By the time I was finished with the 6thgrade, I knew every song from the 1950’s. Every song worth knowing, that is. They had one of those multi-record collections of greatest hits. And Grandpa and Grandma loved to listen to them.

As he’s gotten older, and great-grandchildren have taken our places at their dining room table and the lectures on money and career have been replaced by stories of the days gone by. Of a swim to Catalina Island with his brother. Of his father the professional baseball player (at our last visit, my boys read every one of the newspaper clippings he had, reliving games from eighty years ago). Of the Great Depression. Of the South Pacific. Of what he would do if he won the lottery. And of what a wonderful woman he was married to. Our visits were just never long enough.

* * * *

I’ve been browsing the internet looking for that house of possibilities that will fill the void I’m feeling tonight. But it doesn’t. And really it never has. It just numbs the hurt for a while.

It’s a bad habit. A thing I turn to instead of God to make me feel better and go back to often enough for a fix that it becomes an obsession.

The older I get, the less sure I am that there are harmless distractions. When I allow myself to brine in discontentment (which is the inevitable result of looking at things I don’t have/can’t have time after time), I always end up depressed.

But I stopped tonight. Because running to real estate doesn’t make me NOT think about my Grandpa. So I decided to feel instead of escape. To write out my feelings. And now I have a headache.

Besides, if he were looking with me, I’d like to think he’d point out the enormous power lines, the state of the homes around it, and the real cost of renovating such a house. I imagine his words of wisdom. And I stop dreaming.

* * * * *

March 29

I am grieving today, along with my family. For ourselves. And for my Grandma. Grandpa made it through their 69th  wedding anniversary and left this morning for heaven.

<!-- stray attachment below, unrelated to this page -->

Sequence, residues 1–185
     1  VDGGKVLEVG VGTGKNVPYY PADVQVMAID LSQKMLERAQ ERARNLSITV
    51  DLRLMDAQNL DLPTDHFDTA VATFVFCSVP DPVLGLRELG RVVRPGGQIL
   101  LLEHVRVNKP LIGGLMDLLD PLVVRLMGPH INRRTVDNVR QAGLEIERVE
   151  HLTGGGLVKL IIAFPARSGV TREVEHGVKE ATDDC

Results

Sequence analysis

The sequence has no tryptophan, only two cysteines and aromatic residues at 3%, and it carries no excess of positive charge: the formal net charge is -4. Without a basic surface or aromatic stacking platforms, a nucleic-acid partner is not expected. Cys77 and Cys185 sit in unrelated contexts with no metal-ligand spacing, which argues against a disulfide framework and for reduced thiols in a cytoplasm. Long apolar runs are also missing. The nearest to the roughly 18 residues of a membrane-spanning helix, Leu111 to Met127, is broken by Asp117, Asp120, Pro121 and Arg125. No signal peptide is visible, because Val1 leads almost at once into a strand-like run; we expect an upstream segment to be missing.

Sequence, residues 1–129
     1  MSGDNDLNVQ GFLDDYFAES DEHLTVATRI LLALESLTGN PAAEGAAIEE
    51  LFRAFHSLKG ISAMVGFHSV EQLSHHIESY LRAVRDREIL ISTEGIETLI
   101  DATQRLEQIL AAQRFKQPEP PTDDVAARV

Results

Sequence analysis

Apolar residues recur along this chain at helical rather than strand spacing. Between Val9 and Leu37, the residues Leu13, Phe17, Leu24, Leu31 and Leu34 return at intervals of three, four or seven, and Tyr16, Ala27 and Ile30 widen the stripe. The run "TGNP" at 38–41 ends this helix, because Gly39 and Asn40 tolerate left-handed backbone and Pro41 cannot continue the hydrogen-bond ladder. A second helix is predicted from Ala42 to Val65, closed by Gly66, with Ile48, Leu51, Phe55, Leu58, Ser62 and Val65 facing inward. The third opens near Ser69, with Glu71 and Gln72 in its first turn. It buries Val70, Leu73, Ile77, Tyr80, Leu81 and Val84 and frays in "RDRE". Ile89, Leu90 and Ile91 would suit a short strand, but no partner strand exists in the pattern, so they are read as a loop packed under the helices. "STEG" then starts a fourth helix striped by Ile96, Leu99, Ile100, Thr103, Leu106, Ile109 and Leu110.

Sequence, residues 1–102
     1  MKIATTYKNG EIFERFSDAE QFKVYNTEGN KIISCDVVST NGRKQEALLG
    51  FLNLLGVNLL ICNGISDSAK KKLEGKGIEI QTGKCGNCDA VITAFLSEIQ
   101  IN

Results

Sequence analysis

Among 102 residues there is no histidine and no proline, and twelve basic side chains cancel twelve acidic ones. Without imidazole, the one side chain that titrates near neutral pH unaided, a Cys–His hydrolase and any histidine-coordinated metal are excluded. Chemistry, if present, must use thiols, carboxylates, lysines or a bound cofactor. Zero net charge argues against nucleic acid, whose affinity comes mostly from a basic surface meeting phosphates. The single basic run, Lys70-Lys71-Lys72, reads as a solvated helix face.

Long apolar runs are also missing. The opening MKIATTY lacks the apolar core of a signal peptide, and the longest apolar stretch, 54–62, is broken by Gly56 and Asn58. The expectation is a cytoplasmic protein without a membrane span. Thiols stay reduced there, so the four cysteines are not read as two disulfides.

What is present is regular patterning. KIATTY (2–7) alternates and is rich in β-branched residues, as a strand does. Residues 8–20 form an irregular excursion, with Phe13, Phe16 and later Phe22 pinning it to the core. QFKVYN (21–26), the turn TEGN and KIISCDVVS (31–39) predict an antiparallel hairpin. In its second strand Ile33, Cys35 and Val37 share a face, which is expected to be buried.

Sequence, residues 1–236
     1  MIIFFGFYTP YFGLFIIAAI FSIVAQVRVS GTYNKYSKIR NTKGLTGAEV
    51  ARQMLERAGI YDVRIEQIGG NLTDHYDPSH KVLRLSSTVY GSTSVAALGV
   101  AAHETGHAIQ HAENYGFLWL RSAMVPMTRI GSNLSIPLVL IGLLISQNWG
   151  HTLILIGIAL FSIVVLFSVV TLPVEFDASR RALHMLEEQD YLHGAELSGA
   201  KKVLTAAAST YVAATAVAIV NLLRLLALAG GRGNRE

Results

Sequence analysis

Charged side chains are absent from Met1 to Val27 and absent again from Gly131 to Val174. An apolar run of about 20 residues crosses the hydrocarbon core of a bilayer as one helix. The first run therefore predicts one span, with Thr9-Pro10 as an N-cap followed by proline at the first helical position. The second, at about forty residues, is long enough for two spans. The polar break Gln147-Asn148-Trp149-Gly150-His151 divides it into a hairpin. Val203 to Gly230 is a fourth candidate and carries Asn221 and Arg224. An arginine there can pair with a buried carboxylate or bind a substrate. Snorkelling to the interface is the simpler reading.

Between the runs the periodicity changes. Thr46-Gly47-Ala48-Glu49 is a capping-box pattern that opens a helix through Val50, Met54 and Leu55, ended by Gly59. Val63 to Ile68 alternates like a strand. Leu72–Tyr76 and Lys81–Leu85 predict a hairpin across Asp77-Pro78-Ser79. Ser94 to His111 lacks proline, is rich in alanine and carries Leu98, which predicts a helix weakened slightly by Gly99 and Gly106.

This loss creates a deeper longing in me. Not a desire to escape through unsatisfying pastimes or addictions, but for the sufferings of the world to have an end. To desire pain-free heaven more than any house on earth.

I’ve been reading C. S. Lewis this week. The Problem of Pain. He was a very smart man. Too smart for me a lot of the time. But I ran across this quote I’ve seen often:

“Pain insists upon being attended to. God whispers to us in our pleasures, speaks in our conscience, but shouts in our pain: it is His megaphone to rouse a deaf world .”

Too many times, I would rather muffle the megaphone than listen to what He’s saying to me. It hurts to feel pain. I’d rather numb it. And I was really happy to read that old Clive felt the same way:

. . . All arguments in justification of suffering provoke bitter resentment against the author. You would like to know how I behave when I am experiencing pain, not writing books about it. . . I will tell you; I am a great coward. . . when I think of pain — of anxiety that gnaws like fire and loneliness that spreads out like a desert, and the heartbreaking routine of monotonous misery, or again of dull aches that blacken our whole landscape or sudden nauseating pains that knock a man’s heart out at one blow, of pains that seem already intolerable and then are suddenly increased. . . if I knew any way of escape I would crawl through sewers to find it. But what is the good of telling you about my feelings? You know them already: they are the same as yours. I am not arguing that pain is not painful. Pain hurts. That is what the word means. I am only trying to show that the old Christian doctrine of being made ‘perfect through suffering’ (Hebrews 2:10) is not incredible [unbelievable]. To prove it palatable is beyond my design. ”

C.S. Lewis, The Problem of Pain

Yes, by God’s grace, Jesus tasted death for everyone. God, for whom and through whom everything was made, chose to bring many children into glory. And it was only right that he should make Jesus, through his suffering, a perfect leader, fit to bring them into their salvation.

Hebrews 2:9 & 10

But I do not want you to be ignorant, brethren, concerning those who have fallen asleep, lest you sorrow as others who have no hope. For if we believe that Jesus died and rose again, even so God will bring with Him those who sleep in Jesus. Therefore comfort one another with these words.

I Thessalonians 4:13-14,18